The newspaper had run a short press item. The headline was: “The Youth Sect is finally gone – police have shut down the case”. The story said: “The revolting youths have finally moved back to their parents to continue to study. The police estimate that the whole thing was a hoax to fool the citizens of our small county. The case is now closed, and the house stands empty once again.”

* * *

I couldn’t get the Children of the Bleep out of my head. The story haunted me several days after the interview with Stephan. Many times I thought that everything was a bluff. But why would he lie to me?

The days were unbearably hot this summer and I walked up and down the third avenue to straighten out my thoughts. The nights were even worse. The damp tropical air made it almost impossible to sleep. The sheets clung to my body as vacuum wrapped meat.

When I finally dropped off I dreamed of Love. In my dream he sits with his legs crossed on the wooden floor. Around him is a group of faceless people in lotus positions playing some suggestive repetitive music. It doesn’t sound like anything I’ve heard before.

I cannot see the others in the room - they are like shadows. All my concentration is on Love and his peaceful face. It’s almost as if it’s glowing.

Suddenly the music stops and Love opens his eyes. His face is torn in an inhuman expression and he is just about to say something to me when I wake up in a pool of sweat.

The dream came back to me a few times. Every time I woke up I tried to remember the music in my dream, but it was impossible. The music was indescribable.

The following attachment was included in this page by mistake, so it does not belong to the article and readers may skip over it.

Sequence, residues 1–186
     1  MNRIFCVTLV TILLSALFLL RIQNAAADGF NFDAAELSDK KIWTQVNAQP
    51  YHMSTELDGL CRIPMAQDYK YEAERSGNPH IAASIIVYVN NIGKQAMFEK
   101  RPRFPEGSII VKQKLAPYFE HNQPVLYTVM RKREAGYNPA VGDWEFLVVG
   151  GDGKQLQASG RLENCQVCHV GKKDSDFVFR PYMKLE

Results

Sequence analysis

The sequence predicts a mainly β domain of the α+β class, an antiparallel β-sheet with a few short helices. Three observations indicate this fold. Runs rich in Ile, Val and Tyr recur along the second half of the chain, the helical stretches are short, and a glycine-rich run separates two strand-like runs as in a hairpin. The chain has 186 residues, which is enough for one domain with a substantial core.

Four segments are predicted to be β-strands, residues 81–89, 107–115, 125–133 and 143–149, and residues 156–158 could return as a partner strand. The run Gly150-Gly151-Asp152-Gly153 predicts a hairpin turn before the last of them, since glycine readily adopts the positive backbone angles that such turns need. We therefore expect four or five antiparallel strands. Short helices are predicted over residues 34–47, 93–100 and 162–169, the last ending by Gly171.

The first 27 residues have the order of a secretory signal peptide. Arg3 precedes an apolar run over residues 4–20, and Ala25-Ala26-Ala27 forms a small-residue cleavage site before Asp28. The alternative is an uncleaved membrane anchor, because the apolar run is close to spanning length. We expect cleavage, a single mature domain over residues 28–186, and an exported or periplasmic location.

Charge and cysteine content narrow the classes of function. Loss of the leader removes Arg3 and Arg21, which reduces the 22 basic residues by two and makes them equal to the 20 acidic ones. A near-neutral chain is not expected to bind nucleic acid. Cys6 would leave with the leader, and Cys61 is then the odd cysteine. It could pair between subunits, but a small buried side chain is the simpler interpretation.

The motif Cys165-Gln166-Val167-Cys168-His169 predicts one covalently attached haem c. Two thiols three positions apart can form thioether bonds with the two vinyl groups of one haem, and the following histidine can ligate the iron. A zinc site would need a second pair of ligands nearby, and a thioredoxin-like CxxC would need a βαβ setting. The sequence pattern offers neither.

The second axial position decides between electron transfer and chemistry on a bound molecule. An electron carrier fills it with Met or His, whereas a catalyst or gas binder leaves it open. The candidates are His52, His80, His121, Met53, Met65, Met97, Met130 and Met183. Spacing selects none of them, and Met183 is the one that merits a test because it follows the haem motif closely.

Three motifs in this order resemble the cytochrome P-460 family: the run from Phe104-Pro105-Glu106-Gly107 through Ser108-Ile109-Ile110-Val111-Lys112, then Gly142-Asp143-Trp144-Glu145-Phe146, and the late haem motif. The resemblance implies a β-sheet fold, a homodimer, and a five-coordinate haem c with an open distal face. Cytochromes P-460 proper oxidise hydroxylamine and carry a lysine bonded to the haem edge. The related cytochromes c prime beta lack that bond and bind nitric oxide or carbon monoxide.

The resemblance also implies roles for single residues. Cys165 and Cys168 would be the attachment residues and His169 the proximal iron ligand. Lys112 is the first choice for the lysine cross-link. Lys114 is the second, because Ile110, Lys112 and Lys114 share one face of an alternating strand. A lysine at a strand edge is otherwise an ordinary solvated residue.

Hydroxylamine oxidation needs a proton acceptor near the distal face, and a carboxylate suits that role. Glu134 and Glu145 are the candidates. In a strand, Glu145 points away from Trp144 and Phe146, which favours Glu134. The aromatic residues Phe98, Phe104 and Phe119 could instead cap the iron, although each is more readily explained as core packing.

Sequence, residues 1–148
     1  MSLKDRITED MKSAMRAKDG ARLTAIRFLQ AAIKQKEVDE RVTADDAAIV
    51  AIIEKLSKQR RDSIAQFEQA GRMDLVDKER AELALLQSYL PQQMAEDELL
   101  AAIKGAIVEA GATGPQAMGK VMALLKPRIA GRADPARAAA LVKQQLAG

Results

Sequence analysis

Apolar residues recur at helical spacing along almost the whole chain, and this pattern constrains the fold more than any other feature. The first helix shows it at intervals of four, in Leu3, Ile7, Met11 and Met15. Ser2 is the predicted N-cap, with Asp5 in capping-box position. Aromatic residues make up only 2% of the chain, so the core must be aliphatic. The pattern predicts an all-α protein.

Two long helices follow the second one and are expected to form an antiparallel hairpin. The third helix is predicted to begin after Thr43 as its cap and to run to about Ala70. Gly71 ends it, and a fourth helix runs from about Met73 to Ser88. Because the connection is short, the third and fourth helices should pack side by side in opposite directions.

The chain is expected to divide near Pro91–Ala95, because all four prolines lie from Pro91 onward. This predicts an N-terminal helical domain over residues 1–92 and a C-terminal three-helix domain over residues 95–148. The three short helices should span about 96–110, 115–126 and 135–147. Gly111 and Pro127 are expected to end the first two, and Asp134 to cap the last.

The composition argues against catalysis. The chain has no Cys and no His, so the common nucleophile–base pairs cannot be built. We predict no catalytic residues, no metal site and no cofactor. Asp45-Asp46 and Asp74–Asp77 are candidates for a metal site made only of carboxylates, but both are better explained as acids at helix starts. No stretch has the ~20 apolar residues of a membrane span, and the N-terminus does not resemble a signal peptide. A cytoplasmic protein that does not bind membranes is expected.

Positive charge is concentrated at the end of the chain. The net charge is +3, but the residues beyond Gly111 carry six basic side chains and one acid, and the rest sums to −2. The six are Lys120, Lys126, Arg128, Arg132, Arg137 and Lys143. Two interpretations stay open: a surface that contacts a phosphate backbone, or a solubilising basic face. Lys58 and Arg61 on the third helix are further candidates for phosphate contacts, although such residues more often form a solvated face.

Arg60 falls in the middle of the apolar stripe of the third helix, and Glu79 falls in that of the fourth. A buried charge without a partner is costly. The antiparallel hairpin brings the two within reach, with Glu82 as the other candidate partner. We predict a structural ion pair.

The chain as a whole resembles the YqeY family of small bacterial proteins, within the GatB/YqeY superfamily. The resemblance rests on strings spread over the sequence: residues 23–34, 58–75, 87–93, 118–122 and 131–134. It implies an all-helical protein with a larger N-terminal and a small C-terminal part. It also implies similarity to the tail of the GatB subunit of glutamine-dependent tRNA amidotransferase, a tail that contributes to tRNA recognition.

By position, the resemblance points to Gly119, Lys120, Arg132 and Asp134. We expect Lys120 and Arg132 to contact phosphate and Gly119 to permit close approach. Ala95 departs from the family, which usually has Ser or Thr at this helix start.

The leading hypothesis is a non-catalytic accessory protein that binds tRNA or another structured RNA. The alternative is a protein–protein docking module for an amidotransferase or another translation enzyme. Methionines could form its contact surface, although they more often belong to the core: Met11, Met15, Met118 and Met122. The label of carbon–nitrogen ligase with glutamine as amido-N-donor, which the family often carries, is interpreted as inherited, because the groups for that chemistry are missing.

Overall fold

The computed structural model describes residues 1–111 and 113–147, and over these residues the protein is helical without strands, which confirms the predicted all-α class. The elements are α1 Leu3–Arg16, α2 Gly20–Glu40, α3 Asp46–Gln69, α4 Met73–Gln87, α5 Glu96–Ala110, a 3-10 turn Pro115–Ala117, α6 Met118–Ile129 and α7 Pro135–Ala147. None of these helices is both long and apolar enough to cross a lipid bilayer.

One thing was certain though: I had never heard something so beautiful in my whole life.

* * *

A few weeks after my meeting with Stephan I got an idea. I would write an article about the Children of the Bleep. Place them in their right context and tell the story about their sixties-flavored experiments. I mean, they had been some kind of DIY-composers/musicians in the same genre as Terry Riley, La Monte Young and other people that worked with cyclic forms, minimalism and spirituality. Like a Velvet Underground in the woods.

They would get a second chance. I would place them in the history books.
And hopefully I would get them off my mind.

I thought I might be able to spice up the story a bit and gain some dramatic action around their disappearance… Maybe even try to find the house where it all happened?

On the other hand I didn’t have much information to go on. Only their first names.
I jogged back to my place and dug up Stephan’s card from the bottom of a drawer. I realized I was breathing heavily when a woman answered the phone.

“May I speak to Stephan please”, I panted.

“No, he is gone. Who is asking?”

“Gone? What do you mean?”

“He was going up to Michigan to get complementing facts for his research. That was one month ago, and I haven’t heard anything from him since then. But you don’t need to be worried. He does this from time to time. What was your name again?”